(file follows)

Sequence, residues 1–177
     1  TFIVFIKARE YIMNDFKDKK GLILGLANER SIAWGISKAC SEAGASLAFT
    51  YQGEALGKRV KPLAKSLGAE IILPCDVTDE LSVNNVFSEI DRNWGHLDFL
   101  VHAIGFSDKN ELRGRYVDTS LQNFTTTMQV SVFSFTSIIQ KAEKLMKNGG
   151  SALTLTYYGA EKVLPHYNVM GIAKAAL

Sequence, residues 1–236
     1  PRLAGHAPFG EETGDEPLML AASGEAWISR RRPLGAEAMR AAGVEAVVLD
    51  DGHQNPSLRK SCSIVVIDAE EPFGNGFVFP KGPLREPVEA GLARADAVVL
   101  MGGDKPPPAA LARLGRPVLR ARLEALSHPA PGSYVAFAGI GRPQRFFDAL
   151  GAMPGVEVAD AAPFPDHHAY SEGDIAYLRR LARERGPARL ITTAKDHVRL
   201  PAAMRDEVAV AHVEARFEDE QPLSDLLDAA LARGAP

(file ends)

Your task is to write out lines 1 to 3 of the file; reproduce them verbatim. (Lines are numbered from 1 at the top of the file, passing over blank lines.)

Sequence, residues 1–177
     1  TFIVFIKARE YIMNDFKDKK GLILGLANER SIAWGISKAC SEAGASLAFT
    51  YQGEALGKRV KPLAKSLGAE IILPCDVTDE LSVNNVFSEI DRNWGHLDFL